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The Healthiest Plant-Based Meat Alternatives You Can Find in Supermarkets

The fridges and shelves of your local grocery store are filling up with a range of plant-based meat alternatives, which are far more appealing than a plain block of tofu. From meat-free to plant-based patties, these products are made from a range of plant proteins including soy, wheat, pea, rice, hemp, beans and chickpeas.

It’s an exciting and accessible time to be a vegan, vegetarian or flexitarian, but it’s important to note not all meat replacements are created equal. If you’re swapping out a steak for a black bean burger, take the time to read the nutritional panel of the product. Does it, like meat, contain a good amount of protein? Is the product low in saturated fat? Does it claim to be a good source of iron, zinc or vitamin B12, without being loaded with too much salt or too many additives?

Here’s our guide to purchasing the best plant-based meat alternatives on the market.

Firstly, what nutrients should we be aware of when swapping protein sources?

Clearly, protein should be top of mind. Current Australian nutrition guidelines for daily protein are 0.84g/kg of body weight for men (19-70 years) and 0.75g/kg of body weight for women (19-70 years) for healthy, normal-weight individuals. Therefore, an average weight man (85kg) requires 71g protein/day and an average weight woman (71kg) requires 53g protein/day.

Meat can also be a significant source of iron, zinc, vitamins (especially B12) and essential fatty acids.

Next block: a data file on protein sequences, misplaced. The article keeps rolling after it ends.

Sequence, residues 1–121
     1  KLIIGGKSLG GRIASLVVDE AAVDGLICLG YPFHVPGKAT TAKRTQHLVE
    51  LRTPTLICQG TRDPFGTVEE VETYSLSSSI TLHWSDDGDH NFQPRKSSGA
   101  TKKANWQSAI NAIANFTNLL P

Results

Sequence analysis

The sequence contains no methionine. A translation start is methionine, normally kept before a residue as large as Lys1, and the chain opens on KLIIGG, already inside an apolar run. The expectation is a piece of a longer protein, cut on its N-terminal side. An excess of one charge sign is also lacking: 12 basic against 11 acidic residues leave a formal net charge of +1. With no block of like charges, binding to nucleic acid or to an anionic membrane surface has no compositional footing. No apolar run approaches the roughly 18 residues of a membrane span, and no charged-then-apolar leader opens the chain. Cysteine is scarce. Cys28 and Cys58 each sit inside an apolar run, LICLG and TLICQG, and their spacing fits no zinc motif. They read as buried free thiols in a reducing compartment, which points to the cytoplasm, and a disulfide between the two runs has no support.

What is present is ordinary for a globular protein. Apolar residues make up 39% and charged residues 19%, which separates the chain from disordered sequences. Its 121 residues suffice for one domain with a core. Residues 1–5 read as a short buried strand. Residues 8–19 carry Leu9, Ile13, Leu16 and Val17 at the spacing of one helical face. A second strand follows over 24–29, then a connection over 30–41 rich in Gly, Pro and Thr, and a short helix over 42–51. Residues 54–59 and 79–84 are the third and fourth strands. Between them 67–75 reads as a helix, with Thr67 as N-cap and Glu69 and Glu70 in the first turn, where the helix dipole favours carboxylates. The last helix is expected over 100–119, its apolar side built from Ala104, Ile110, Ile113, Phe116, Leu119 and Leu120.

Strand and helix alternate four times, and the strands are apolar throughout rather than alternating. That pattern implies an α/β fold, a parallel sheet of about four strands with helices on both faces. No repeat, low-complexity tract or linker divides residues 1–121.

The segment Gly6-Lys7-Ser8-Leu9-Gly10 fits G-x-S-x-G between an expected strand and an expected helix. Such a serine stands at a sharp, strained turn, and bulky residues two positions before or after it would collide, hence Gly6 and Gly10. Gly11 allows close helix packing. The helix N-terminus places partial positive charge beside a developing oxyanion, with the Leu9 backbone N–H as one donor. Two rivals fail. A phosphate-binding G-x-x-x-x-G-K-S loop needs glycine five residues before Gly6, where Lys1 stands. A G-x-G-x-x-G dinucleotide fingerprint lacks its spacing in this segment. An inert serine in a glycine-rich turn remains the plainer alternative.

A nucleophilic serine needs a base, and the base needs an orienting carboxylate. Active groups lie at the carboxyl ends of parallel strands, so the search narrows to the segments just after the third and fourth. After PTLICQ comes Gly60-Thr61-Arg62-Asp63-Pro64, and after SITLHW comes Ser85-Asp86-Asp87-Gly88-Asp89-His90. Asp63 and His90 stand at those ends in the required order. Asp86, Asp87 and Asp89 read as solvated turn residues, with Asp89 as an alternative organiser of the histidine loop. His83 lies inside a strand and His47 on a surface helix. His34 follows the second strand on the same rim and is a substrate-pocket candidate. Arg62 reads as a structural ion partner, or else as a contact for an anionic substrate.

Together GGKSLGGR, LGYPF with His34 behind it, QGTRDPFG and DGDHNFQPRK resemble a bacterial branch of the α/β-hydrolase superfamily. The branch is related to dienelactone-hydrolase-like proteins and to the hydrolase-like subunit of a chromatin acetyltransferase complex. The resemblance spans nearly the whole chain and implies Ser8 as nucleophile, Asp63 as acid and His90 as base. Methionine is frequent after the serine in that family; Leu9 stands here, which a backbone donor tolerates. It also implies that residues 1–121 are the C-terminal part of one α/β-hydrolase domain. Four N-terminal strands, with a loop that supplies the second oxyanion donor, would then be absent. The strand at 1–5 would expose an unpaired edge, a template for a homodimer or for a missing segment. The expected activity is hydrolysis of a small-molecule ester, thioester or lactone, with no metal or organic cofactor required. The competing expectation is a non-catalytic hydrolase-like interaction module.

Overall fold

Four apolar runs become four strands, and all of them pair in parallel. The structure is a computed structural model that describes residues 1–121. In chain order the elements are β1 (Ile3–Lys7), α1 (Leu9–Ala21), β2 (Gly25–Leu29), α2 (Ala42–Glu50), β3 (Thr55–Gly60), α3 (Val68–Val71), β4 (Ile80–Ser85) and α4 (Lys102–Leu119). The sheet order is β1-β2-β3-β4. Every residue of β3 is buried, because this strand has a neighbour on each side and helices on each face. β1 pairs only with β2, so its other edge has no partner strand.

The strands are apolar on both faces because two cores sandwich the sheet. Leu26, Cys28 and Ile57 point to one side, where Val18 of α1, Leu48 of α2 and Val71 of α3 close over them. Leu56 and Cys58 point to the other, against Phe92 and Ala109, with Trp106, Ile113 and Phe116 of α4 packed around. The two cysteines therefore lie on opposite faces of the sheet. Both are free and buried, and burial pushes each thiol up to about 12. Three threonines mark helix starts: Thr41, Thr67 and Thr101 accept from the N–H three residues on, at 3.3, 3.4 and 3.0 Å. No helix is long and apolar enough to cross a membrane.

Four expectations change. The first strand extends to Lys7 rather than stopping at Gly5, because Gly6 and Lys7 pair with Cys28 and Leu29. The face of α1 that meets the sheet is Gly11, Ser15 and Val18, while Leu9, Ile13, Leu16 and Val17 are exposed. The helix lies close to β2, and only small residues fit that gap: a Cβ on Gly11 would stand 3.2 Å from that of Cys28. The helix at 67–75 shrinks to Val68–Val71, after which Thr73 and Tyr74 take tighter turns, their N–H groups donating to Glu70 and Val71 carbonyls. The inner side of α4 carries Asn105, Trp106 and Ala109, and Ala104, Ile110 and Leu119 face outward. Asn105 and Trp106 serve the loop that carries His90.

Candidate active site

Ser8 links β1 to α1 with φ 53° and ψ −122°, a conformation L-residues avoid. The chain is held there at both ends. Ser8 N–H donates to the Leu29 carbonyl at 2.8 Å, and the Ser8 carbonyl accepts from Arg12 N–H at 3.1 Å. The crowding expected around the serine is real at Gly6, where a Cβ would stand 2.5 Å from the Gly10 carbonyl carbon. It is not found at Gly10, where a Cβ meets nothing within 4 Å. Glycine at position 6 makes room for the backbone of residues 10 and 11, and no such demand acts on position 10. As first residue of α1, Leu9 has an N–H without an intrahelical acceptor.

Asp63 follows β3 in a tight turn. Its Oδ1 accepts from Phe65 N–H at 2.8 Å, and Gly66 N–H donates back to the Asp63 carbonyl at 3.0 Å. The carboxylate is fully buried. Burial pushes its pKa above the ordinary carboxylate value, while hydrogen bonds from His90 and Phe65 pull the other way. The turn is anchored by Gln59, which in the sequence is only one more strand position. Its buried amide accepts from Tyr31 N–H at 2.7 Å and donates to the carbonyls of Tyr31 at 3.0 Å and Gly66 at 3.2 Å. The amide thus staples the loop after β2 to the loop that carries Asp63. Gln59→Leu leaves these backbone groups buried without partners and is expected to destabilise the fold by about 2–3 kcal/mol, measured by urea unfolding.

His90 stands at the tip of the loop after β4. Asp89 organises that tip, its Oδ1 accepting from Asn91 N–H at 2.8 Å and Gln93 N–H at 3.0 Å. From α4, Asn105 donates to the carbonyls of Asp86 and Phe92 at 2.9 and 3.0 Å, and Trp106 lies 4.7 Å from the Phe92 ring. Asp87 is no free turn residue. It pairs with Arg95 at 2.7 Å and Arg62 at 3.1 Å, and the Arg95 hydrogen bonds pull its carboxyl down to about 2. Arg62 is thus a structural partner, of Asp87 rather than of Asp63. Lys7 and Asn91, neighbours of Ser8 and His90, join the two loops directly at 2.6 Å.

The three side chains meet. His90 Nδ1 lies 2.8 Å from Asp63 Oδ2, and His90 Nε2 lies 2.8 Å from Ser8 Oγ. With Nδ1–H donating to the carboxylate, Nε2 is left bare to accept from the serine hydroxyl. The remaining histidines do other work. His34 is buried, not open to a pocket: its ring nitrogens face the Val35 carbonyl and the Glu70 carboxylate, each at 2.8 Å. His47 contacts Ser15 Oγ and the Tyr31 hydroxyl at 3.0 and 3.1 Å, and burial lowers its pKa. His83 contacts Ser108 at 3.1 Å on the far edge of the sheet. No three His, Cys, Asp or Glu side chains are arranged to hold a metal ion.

Best plant-based products in supermarkets

1. The Alternative Meat Co Plant-Based Mince

The New Zealand-based food manufacturer making inroads in Australian supermarkets produces a range of plant-based mince, burger patties, sausages and “chicken” tenders, made from a mix of vegetable proteins and fibres.

Per 100g serving it contains:

  • 670kj
  • 2g saturated fat
  • 410mg of sodium
  • 22g of protein
  • 4.3 grams of dietary fibre

Whilst nutritionally speaking, this product ticks the boxes, the top ingredient is water, followed by 29% vegetable proteins (a mix of soy, wheat, pea and hemp). The rest is thickeners and colours. In comparison, a generic brand ‘Heart Smart’ beef mince provides more kilojoules (550 kj), slightly more fat (5g and 2g saturated), less protein (20g) and no fibre. However, it contains far less salt (60mg sodium) than the plant-based alternative.

2. V2 Plant-Based Mince

Made in Australia, V2's mince also has a 4.5 star health rating. Their main ingredient is also water, followed by soy protein, vegetable oils, thickeners and flavours. It is, however, fortified with iron, zinc and B12, which is a plus. It also has a solid amount of protein. The downside? It has a lot of salt.

Per 100g serve it contains:

  • 873kj
  • 13g of fat (5g saturated)
  • 18g protein
  • 270mg sodium

3. Bean Supreme Beetroot Burger

The 5-star health star-rated Bean Supreme Beetroot Burger patties are a good plant-based alternative, made up of 49% black bean and 23% beetroot. While they contain roughly half the amount of protein as a beef burger, they have more fibre, less fat and less salt.

Per 100g serve it contains:

  • 624kj
  • 5.7g of fibre